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Civil but Disobedient
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Discussion Starter · #1 ·
I am new to tuning a bow for shooting off the shelf. I was wondering about what is normal for nock locator height. I am shooting a 70 inch longbow with about a 7 1/8 inch brace height. I am currently using the nock locator that Falco installed on the string that came with the bow. It is at 5/8 inches measured from the shelf. I am currently shooting 11/32 inch wood arrows, but will also shoot 5/16. What range to you experienced folks find for your nock locator positions?
 

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I think whether you shoot split finger or three under will play a part. I shoot recurves off the shelf and 1/2" -5/8" above level for the top nock locator is where I usually end up. When I experiment with three under my top nock point ends up around 3/4" or so, even higher on a couple of my bows (all tillered for split).

I like to use two nock points, set it a bit high to start, then shoot bare shafts to tune it's final position. I've found that a slightly high nock point is not a bad thing
 

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I buy into what Easykeeper says.

everything included hand position and bow tiller will effect the position.

(most) shelves have no "give" so start high & bare shaft it.

Put some chalk, or such' on the shelf.

Once the arrow is realesed, there should be no further contact with the shelf.

If the shelf show signs of wear, you are nocked too low.
 

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Oddly enough it seems that most everything I shoot off the shelf winds up at 9/16" above dead level with shelf. That is for 3 under. I suck at split finger so I really can't say with any degree of certainty for that.

For certain venues, such as Indoor I have gone as high as 3/4" to 1" and still had good arrow flight, but I would say that that is probably about max. If you happen to find yourself above that range, then there are probably other issues in the mix messing things up.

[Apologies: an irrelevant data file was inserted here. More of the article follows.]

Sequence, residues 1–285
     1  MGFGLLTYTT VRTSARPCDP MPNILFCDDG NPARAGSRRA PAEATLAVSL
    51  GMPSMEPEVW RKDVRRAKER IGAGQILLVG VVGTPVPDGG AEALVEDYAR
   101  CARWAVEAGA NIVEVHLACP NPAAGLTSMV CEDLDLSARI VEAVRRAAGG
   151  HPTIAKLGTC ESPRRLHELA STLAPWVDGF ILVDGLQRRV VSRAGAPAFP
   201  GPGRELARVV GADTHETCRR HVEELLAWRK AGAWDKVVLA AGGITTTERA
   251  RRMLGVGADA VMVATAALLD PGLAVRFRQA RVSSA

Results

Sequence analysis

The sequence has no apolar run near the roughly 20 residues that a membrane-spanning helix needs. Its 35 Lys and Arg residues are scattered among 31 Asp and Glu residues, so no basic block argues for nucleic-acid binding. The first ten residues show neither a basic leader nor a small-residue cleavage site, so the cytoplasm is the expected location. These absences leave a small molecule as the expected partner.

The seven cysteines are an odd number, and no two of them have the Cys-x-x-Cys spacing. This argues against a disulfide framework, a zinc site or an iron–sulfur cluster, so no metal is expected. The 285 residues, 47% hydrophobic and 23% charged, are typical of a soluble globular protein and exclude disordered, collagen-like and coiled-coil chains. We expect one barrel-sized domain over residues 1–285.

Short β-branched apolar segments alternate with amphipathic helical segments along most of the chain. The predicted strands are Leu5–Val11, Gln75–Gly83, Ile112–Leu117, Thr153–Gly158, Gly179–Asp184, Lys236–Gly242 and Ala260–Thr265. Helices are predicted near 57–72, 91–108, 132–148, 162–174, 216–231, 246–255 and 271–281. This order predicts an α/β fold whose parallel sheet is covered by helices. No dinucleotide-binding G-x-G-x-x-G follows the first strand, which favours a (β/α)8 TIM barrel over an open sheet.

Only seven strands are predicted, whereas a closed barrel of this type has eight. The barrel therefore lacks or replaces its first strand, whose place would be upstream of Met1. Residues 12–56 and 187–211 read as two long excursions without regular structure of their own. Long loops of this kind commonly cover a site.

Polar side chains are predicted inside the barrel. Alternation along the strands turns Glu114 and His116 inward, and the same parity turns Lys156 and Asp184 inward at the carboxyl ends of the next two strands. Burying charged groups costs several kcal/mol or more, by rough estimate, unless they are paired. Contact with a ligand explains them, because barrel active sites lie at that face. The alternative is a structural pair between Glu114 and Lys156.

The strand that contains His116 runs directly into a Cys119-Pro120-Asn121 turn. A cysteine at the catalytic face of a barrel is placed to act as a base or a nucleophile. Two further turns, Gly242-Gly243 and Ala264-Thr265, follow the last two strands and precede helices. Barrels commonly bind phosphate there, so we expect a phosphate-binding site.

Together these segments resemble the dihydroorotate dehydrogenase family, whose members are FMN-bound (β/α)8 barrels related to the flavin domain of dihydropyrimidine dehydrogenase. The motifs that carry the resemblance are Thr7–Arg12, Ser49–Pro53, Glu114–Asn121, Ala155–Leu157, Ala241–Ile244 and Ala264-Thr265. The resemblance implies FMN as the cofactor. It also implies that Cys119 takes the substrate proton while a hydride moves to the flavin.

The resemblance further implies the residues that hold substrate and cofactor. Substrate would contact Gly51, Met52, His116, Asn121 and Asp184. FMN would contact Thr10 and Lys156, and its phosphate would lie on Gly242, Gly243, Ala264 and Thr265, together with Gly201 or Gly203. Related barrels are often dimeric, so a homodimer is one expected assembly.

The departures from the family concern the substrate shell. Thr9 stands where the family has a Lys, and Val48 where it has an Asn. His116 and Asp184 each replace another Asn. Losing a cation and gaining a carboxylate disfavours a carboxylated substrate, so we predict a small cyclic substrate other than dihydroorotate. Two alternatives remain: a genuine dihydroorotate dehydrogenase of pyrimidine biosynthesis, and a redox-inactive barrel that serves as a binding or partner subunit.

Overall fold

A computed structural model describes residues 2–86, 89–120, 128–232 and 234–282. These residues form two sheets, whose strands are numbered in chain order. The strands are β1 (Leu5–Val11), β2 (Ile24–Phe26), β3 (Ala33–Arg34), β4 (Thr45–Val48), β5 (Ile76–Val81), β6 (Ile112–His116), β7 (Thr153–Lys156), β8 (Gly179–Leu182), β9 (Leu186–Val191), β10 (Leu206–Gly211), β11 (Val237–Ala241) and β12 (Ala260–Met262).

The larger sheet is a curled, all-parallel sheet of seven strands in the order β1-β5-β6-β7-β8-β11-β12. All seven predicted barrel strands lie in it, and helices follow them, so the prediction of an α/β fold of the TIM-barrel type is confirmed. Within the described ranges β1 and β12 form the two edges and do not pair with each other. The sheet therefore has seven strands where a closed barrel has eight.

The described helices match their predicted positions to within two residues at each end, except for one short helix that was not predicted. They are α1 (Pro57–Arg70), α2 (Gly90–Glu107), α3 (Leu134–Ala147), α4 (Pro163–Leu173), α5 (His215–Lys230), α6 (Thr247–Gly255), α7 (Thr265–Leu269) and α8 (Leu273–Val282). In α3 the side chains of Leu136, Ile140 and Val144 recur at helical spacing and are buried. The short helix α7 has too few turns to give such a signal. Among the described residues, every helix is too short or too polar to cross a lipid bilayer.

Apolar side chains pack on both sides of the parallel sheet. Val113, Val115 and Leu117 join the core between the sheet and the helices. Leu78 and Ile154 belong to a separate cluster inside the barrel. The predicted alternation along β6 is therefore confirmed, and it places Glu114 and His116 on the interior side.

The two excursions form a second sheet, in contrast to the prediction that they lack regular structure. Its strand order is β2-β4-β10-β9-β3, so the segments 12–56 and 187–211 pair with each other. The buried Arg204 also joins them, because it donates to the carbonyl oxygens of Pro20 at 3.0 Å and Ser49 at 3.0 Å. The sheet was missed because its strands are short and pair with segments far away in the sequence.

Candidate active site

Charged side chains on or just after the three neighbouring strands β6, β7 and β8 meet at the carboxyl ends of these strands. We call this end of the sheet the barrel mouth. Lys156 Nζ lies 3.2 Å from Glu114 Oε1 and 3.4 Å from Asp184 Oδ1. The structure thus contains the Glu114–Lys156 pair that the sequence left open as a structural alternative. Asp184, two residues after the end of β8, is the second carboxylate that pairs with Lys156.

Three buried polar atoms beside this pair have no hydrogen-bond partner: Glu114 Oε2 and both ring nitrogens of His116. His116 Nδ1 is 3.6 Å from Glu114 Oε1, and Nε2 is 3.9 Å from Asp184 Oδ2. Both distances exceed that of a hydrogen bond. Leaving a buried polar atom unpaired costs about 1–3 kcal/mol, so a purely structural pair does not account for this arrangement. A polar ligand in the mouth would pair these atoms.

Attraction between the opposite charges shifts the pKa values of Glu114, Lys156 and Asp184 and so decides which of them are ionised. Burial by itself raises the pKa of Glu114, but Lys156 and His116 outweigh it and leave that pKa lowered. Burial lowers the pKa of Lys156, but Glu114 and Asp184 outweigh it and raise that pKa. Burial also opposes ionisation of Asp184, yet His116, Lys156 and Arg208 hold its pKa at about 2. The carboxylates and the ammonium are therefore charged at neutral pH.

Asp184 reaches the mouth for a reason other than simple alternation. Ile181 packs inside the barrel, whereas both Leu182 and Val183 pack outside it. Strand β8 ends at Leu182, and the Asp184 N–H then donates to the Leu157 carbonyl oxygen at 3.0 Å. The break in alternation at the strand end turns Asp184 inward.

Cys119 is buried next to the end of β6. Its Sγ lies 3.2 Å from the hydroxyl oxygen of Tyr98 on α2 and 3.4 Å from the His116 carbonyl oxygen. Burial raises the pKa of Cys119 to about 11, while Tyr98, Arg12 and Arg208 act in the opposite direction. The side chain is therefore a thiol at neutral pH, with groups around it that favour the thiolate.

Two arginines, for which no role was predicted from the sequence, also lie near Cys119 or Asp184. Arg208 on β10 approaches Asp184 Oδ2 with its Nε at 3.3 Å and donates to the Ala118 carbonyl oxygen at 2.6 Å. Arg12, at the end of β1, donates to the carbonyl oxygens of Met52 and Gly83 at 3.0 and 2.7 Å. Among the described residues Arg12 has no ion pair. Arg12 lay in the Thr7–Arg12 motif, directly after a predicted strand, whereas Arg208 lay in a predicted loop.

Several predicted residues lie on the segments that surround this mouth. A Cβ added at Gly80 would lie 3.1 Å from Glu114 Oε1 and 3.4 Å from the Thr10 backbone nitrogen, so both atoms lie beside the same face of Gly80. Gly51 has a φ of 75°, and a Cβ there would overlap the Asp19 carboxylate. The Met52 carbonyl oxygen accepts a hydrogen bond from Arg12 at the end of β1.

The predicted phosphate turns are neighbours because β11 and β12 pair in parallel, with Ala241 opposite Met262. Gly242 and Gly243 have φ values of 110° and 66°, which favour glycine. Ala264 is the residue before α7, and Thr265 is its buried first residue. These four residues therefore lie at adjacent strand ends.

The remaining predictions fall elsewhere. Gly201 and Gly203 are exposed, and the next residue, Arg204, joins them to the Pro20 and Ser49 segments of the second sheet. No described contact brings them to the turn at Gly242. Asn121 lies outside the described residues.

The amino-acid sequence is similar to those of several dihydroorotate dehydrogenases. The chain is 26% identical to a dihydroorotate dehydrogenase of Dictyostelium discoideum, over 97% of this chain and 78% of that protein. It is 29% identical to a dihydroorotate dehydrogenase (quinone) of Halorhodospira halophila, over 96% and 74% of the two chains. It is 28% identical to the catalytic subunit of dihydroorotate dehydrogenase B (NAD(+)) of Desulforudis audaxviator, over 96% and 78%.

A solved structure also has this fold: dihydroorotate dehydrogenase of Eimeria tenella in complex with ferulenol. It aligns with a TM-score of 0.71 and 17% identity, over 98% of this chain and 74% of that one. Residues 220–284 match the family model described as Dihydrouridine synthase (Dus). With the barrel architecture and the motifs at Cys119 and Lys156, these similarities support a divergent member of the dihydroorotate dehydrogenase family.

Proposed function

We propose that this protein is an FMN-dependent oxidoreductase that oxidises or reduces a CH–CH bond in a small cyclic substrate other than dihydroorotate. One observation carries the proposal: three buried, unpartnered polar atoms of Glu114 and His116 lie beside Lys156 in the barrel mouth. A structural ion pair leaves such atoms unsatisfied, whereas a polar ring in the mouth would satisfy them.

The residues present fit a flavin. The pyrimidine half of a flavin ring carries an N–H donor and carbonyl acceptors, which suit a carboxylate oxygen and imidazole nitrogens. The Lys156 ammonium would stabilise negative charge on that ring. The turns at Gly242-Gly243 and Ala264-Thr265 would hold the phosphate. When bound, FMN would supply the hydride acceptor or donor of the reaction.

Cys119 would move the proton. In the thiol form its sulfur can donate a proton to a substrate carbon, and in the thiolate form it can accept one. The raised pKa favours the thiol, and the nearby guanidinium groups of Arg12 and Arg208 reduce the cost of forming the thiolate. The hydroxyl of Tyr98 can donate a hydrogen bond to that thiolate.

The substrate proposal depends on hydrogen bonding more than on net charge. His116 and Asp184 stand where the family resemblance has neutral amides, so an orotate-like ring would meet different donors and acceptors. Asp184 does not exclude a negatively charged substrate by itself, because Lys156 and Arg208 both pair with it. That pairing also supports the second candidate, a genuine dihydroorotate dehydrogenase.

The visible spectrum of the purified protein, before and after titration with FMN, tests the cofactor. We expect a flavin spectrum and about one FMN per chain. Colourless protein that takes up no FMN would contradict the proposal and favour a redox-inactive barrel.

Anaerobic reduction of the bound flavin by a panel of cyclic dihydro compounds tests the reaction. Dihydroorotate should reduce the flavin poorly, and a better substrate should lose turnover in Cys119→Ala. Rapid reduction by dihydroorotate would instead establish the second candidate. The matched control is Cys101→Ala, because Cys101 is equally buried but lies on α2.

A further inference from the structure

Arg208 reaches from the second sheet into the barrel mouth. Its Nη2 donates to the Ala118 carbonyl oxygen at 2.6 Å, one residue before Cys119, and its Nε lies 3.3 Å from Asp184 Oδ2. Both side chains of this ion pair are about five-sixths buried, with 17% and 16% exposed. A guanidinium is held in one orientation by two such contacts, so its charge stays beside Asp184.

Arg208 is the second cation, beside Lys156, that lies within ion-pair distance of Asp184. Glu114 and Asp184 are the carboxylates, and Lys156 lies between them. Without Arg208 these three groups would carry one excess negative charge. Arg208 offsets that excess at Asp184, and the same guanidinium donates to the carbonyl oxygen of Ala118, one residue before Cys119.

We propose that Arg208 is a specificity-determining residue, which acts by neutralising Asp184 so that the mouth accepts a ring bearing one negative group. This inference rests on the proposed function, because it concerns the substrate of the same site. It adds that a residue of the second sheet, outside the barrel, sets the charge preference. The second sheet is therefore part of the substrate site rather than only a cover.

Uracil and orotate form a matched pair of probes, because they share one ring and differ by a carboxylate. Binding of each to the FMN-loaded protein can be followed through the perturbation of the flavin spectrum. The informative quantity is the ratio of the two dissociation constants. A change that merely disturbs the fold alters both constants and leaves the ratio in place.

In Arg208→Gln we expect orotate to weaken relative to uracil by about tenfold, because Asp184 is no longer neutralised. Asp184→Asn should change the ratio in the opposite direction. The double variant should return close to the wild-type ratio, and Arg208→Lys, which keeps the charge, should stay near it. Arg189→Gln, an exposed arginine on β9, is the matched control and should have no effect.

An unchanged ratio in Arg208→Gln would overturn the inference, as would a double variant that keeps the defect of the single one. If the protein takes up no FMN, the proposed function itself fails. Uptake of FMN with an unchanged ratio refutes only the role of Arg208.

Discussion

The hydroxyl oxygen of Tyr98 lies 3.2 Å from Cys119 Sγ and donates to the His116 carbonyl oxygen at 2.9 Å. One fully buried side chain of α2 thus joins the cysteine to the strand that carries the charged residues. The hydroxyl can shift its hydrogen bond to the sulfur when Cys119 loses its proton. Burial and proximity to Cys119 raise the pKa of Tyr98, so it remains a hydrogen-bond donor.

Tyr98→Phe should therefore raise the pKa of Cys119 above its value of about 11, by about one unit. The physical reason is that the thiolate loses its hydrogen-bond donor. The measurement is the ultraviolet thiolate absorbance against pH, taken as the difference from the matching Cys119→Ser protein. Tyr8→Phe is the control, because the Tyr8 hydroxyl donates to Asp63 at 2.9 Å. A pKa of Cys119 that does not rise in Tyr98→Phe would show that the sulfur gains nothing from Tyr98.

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For Field I have a low anchor because it's comfortable and I'm able to use back tension a little better for those long shots. To keep the point on where I like it I nock at 7/8th's.

For indoor and 3d I anchor really high to get the point on down close to 20 yards. I usually nock somewhere inbetween 5/8th's and 3/4th's.

That is with my longbow and wood arrows.

For my hunting bow I normally go with my high anchor and nock somewhere around 1/2 and 5/8th's.

All 3 under and off the shelf.
 

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I shoot woodies (11/32 and 5/16) and split finger. I can often shoot off of an elevated rest with the nock at 4/8". Off the shelf I am invariably at 5/8" on the average and my Hill longbows are usually at 6/8".

I've never had an arrow shoot well for me under 4/8" on any bow ... so take everything I state with salt. These are my own rules-of-thumb to get started with on a new bow. I ultimately end up using temporary masking tape strips starting at 1" above center and working my way down to near 0" just for observations purposes. My averages often present themselves during this process, once again confirming their "average" status within my fingers. I'm inclined to believe what I see rather than what I expect, so I do like to give the nock location gambit a whirl, for a little experimentation is simple to perform in these matters.

Good luck.
 

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Discussion Starter · #7 ·
I did not mention that, for now, I am shooting three under. I may shift to split after the IBO shoot. I will determine that when I get my new arrows. It will depend on what gives me the best coverage for the distances.
 

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Hank, I will often tune nock locator purely to diminish my gaps. I do not bare shaft when I do this, bare shafting with wood is difficult anyway. I have shot with nock locator as high as 1", I have sacrificed pristine arrow flight to gain a lesser gap especially with short range 3D, or shooting indoor FITA. I can usually tune it well enough to gain an aiming benefit. By the way I shoot 3 under with a high anchor and often tune a 25-30 yard point on.
 
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